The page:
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IHS employee cited for 'misconduct' in Spirit Lake controversy

An Indian Health Service employee who raised concerns about the welfare of children on the Spirit Lake Dakotah Nation in North Dakota was reprimanded for "misconduct," according to a letter obtained by The New York Times.

The reprimand says Michael Tilus, a clinical psychologist, went outside the chain of command by releasing a letter that detailed his "grave concern" about children on the reservation. It was written on IHS letterhead but the agency claims superiors weren't notified first.

"Your conduct has been found to be engaging in actions and behaviors that is of a dishonorable nature, which reflects discredit upon yourself and the [Public Health Service]," the reprimand states.

The reprimand also states that Tilus released a "case study" that contained information about a specific incident on the reservation. Although names were redacted, the IHS says "many are aware of who the specific patient cited is, which makes the protection of confidential information a large concern."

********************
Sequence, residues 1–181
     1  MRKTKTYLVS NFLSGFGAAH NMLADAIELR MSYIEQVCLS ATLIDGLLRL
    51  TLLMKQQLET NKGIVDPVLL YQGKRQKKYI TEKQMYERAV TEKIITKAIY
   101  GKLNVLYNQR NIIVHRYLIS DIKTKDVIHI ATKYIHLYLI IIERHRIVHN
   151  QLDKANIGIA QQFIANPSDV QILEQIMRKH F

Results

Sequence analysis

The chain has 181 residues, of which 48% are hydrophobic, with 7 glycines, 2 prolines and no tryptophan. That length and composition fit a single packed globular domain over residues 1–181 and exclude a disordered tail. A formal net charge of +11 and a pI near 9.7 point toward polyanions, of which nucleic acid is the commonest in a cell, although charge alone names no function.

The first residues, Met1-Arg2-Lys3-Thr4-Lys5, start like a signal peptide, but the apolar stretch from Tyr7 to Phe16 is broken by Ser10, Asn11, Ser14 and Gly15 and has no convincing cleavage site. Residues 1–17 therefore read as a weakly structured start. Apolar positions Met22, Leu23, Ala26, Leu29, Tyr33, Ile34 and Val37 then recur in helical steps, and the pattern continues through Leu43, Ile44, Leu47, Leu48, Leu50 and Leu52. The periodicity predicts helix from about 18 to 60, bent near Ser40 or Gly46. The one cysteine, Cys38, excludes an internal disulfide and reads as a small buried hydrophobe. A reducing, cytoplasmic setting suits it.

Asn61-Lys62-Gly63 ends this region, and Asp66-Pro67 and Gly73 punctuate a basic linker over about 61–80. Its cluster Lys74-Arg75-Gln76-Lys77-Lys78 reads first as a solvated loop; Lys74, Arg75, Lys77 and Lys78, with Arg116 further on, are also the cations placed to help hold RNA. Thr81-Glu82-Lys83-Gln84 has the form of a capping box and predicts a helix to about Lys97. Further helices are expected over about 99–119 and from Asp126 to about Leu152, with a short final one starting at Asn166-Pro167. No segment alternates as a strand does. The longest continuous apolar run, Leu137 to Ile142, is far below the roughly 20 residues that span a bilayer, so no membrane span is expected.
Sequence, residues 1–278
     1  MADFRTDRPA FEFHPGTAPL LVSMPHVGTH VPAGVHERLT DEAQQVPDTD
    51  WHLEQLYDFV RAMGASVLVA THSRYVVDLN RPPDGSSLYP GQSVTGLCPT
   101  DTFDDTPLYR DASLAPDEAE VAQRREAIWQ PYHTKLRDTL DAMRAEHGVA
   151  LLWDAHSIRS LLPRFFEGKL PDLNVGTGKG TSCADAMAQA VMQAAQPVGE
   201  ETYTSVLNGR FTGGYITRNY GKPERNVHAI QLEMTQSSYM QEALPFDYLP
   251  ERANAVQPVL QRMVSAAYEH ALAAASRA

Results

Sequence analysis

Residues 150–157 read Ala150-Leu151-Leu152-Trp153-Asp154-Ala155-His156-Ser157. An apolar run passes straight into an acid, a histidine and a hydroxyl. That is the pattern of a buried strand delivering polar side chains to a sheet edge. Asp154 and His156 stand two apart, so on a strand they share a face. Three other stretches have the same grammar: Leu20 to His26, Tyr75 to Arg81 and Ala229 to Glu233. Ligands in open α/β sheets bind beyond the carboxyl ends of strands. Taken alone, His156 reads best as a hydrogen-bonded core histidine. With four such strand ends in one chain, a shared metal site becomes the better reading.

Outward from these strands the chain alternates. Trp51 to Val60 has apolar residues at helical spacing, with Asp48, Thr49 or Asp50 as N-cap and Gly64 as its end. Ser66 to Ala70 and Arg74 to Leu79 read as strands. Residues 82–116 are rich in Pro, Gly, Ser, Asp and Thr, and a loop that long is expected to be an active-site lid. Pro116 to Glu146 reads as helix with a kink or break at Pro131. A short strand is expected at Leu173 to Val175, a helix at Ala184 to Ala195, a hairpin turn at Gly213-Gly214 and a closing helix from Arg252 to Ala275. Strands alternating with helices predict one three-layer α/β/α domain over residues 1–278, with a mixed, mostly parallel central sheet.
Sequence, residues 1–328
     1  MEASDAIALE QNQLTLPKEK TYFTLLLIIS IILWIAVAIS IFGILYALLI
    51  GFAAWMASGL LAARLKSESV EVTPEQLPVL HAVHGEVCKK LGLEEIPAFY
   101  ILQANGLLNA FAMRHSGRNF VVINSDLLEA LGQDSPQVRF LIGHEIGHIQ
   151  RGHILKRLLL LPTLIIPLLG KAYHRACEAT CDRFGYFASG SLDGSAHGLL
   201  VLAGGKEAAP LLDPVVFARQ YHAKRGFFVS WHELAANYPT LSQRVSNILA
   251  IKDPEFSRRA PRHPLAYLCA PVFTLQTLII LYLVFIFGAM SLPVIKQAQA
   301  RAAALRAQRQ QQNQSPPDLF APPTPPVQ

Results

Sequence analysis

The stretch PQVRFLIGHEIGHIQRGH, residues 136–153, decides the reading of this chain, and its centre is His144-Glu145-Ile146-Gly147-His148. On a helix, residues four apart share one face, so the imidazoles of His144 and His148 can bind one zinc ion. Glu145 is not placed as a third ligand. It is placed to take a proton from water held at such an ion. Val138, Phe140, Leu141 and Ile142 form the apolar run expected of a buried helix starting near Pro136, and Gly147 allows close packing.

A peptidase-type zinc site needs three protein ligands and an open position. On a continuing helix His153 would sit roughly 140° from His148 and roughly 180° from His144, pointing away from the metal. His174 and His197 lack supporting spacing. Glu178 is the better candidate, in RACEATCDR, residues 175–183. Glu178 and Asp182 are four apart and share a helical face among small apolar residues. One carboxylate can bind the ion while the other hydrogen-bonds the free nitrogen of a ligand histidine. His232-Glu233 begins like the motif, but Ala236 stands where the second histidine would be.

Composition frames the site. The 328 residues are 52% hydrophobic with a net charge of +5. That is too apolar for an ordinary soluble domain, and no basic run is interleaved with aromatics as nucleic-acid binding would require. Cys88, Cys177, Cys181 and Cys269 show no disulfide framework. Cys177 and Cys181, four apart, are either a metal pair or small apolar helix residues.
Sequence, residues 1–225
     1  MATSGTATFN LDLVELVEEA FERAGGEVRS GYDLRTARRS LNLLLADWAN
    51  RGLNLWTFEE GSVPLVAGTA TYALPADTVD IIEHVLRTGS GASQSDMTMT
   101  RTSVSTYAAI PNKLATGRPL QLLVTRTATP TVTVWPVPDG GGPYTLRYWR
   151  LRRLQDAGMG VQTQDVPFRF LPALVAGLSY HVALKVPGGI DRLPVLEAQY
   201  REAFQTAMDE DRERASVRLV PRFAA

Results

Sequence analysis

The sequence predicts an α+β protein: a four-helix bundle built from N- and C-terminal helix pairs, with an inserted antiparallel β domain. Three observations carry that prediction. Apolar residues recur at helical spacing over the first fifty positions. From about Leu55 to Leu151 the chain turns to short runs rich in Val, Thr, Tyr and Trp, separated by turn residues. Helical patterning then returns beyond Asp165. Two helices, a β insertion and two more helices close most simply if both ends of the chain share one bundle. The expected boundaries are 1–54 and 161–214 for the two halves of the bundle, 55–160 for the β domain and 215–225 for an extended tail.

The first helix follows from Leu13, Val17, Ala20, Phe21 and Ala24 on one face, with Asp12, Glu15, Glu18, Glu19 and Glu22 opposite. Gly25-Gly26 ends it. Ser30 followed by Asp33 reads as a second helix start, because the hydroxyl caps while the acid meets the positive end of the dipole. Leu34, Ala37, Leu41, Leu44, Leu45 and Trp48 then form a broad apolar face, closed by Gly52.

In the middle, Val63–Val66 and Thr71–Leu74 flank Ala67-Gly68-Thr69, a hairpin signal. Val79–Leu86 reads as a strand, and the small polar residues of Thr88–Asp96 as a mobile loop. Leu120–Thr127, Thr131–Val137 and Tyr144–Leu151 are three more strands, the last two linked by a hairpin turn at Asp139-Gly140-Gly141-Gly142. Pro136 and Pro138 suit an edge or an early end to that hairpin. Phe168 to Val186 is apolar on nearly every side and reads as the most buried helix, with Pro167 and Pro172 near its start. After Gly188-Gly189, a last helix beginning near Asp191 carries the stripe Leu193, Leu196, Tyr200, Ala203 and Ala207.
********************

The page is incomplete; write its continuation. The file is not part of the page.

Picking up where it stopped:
Finally, the IHS reprimanded Tilus for sending a letter to Sen. Kent Conrad (D-North Dakota) and Sen. John Hoeven (R-North Dakota) about his concerns. Again, the agency says that superiors weren't notified.

Tilus has been removed from his post as behavioral health director on the reservation. He was denied a promotion and transferred to the IHS area office in Aberdeen, South Dakota.

Get the Story:
Psychologist Who Wrote of Abuse Is Punished (The New York Times 7/31)

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